2. Bathroom Placement – Most bathrooms in travel trailers are placed next to the bunkhouse, not the main bedroom. While that would work for vacationing, that was not okay with me. When we bought our trailer, I was seven months pregnant with our third child, meaning I was constantly using the bathroom in the middle of the night. I did not want to be walking to the other end of the RV in the middle of the night, just to use the bathroom. It would have also made showering more complicated. Our bathroom is right next to our bedroom and even has an extra door that leads into the bedroom. Though as a seven month pregnant woman, it was easier to go out the bedroom door and use the main bathroom door. Squeezing between the wall and the bed to access the bathroom was almost impossible those last few months!

         3. Interior Doors – Yes, I just said doors. Most RVs only have pocket doors or curtains that separate rooms. Living with young children, I wanted actual doors that could close and even lock if necessary! In our RV, the main bathroom door, bedroom door and bunkhouse door all have regular house doors (though a bit smaller). The bathroom even has a lock!

         4. Outdoor Living Space – While not a necessity, an outdoor extension of your living space is a wonderful things during the summertime. Our RV has an outdoor kitchen, complete with a mini fridge, gas burners and a sink. On the nice days you can’t imagine being inside, an outdoor kitchen is amazing. As an added bonus, during the winter it double as extra storage. Can’t beat that!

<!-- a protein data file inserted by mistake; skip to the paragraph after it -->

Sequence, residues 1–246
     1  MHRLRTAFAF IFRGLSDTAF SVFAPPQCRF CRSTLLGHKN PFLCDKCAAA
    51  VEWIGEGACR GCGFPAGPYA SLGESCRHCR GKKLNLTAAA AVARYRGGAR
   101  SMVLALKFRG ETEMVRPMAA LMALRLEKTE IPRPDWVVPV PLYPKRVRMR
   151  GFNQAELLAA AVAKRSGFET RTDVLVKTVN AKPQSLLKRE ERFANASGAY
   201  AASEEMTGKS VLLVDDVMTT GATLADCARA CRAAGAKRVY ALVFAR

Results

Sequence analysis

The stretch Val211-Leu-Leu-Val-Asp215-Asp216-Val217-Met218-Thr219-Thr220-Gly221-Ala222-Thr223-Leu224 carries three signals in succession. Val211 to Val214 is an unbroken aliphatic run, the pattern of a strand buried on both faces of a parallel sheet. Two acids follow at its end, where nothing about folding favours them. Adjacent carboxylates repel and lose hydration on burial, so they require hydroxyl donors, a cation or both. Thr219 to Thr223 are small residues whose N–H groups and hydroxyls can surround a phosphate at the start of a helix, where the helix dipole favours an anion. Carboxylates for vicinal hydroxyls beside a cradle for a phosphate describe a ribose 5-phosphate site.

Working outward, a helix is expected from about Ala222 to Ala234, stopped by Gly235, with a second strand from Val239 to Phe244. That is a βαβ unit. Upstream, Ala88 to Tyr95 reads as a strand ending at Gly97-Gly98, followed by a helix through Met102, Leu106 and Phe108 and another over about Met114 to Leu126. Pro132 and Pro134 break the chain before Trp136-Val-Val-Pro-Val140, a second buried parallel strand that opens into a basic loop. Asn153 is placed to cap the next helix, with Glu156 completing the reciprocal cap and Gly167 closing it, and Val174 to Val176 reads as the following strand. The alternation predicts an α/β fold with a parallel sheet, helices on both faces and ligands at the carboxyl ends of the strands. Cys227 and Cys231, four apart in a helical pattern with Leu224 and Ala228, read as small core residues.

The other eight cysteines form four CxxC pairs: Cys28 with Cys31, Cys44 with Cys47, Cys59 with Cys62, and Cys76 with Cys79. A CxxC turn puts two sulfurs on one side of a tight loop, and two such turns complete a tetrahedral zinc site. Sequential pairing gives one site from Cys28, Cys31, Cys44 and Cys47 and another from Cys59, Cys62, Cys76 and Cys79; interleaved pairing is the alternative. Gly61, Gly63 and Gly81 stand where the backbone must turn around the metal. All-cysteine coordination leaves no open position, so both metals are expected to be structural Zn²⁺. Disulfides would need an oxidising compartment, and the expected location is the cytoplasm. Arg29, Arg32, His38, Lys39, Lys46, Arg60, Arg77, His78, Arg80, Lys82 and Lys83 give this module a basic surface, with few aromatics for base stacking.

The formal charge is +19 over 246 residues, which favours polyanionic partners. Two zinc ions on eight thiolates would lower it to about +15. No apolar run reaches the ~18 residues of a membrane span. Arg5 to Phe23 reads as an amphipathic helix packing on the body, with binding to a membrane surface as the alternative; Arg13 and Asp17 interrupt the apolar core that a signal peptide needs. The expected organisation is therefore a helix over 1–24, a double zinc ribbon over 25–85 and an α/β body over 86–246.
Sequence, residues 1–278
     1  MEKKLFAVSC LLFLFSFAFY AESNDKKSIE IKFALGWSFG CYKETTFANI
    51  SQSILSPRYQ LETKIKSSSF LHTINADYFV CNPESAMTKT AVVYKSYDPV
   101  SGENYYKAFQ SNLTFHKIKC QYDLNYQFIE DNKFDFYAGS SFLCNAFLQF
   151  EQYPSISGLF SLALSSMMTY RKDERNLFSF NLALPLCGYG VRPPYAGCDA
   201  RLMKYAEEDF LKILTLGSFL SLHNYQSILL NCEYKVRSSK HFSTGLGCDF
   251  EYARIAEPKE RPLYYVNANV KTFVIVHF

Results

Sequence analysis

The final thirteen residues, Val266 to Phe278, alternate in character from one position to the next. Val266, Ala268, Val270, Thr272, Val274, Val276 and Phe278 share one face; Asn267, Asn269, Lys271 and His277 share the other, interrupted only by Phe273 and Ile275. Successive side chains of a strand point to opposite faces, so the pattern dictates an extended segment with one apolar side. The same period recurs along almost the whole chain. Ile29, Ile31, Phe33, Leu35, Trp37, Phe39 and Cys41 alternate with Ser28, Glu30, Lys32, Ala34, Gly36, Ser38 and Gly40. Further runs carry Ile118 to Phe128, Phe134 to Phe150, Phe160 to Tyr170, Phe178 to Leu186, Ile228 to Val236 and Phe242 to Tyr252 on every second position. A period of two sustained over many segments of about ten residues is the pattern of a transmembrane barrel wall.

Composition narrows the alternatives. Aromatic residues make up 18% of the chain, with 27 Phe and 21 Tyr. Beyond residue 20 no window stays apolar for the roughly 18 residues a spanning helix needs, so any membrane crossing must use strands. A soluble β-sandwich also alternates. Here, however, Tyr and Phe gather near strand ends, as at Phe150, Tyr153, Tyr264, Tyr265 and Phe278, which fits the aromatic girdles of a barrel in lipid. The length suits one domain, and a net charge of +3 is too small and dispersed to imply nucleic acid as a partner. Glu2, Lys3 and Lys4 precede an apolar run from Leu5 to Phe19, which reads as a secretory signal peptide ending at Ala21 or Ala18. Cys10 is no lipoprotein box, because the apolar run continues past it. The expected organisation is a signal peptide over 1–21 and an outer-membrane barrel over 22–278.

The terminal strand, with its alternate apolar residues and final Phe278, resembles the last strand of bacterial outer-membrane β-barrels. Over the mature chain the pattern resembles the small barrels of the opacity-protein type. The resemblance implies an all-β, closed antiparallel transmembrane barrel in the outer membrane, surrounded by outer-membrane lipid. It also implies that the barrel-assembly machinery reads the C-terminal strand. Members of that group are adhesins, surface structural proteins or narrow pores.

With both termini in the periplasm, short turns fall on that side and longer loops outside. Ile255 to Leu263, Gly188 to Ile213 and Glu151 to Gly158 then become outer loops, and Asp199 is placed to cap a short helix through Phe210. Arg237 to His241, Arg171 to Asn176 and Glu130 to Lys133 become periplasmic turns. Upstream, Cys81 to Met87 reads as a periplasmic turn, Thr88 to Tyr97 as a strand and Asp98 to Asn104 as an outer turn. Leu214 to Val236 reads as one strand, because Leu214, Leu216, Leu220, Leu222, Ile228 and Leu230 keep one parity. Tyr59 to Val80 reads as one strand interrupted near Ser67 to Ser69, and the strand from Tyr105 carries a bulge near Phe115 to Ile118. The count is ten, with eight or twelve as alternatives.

5. Kitchen Space – When I was looking into the different RVs, I noticed that most RV kitchens are TINY. I couldn’t imagine all my kitchen items fitting in them. Kitchen space was important to me, as I’m home all day and have a family of five to feed. So we found a model that has an island, adding valuable work space, as well as cabinet space, and has a pantry, perfect for all the basic baking supplies and bulk foods I had. We have more than double the space of most RVs. I was even able to fit the majority of my kitchen items!

         6. Storage Space – Last, but definitely not least, the all important storage space. Most RVs these days have an amazing amount of storage space. This was especially important to us, as we live in our RV full time, have multiple young children and are planning on homeschooling our children. Everyone’s needs are different, but storage space is essential.

This was our list of things we considered for living full-time in a RV. In the end, we were able to meet these six goals admirably in our RV. However, your list may look different than mine and that’s awesome!

What are some things you would have to have for full-time RV living?